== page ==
At this point, Democrats everywhere are pretty familiar with the Senate caucus’ “Lieberman Problem.” Aside from his problematic votes and rhetoric, Joe Lieberman wants, apparently more than just about everything, to be the chairman of the Senate Homeland Security and Governmental Affairs Committee. If Harry Reid denied him the gavel, Lieberman would leave the party, and create a 50-50 split in the chamber.
Sen. Joseph Lieberman’s friends are certain that if Democrats expand their one-vote Senate edge in this year’s elections, they will kick him out of the Senate Democratic caucus and, therefore, oust him as Homeland Security Committee chairman.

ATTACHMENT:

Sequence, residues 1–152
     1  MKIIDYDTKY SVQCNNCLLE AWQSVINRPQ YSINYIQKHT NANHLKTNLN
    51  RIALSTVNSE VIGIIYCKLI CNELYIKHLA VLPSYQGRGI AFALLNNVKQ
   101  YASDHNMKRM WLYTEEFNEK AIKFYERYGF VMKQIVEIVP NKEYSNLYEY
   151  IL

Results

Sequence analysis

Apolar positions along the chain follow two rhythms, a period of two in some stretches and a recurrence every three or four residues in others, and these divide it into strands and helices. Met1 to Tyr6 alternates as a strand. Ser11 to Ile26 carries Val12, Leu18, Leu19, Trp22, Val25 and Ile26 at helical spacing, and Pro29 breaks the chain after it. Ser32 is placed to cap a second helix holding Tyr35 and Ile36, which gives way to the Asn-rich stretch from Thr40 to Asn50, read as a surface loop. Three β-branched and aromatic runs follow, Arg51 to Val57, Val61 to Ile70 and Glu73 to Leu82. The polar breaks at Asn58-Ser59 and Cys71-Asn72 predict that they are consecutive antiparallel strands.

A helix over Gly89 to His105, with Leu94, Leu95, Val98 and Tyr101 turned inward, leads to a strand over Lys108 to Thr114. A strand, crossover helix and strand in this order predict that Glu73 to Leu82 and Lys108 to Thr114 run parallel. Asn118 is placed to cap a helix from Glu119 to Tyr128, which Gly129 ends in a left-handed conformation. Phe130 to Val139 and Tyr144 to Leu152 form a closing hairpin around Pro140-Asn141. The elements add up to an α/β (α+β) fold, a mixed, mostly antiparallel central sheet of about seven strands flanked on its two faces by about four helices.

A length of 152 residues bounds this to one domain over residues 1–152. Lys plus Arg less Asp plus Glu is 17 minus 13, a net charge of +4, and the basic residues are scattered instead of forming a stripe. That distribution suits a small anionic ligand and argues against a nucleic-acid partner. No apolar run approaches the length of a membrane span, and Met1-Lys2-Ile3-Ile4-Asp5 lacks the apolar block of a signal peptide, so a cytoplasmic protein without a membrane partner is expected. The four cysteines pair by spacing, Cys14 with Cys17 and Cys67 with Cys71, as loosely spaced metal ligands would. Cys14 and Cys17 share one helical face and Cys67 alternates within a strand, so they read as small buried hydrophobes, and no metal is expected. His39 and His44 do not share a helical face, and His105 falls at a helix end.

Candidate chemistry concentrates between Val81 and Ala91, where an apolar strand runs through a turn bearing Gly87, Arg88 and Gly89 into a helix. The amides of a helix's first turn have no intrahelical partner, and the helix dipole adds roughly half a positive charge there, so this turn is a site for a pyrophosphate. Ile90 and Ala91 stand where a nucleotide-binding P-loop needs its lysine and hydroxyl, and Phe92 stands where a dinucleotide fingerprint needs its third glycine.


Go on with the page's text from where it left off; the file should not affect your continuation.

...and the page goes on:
Lieberman risked the usual punishment of ejection from the party caucus when he endorsed Republican Sen. John McCain for president and actively campaigned for him. But with Democrats in a Senate majority of only 51 to 49, they would lose control if Lieberman defected to the Republicans.
I’ve heard competing stories about this, but I haven’t heard that Dems would kick Lieberman out of the caucus altogether. It seems far more likely that Reid would stop by Lieberman’s office and say, “Joe, I’m afraid this committee is too important; I’ve decided to put a Democrat in the chairman’s seat.” If Lieberman threatens to bolt, and Reid has a comfortable majority, the ultimatums probably won’t carry much weight.
But there’s always been one thing I don’t understand about Lieberman’s motivations: why does he want that chairmanship so much? It’s not like he actually tries to do any work with the committee anyway.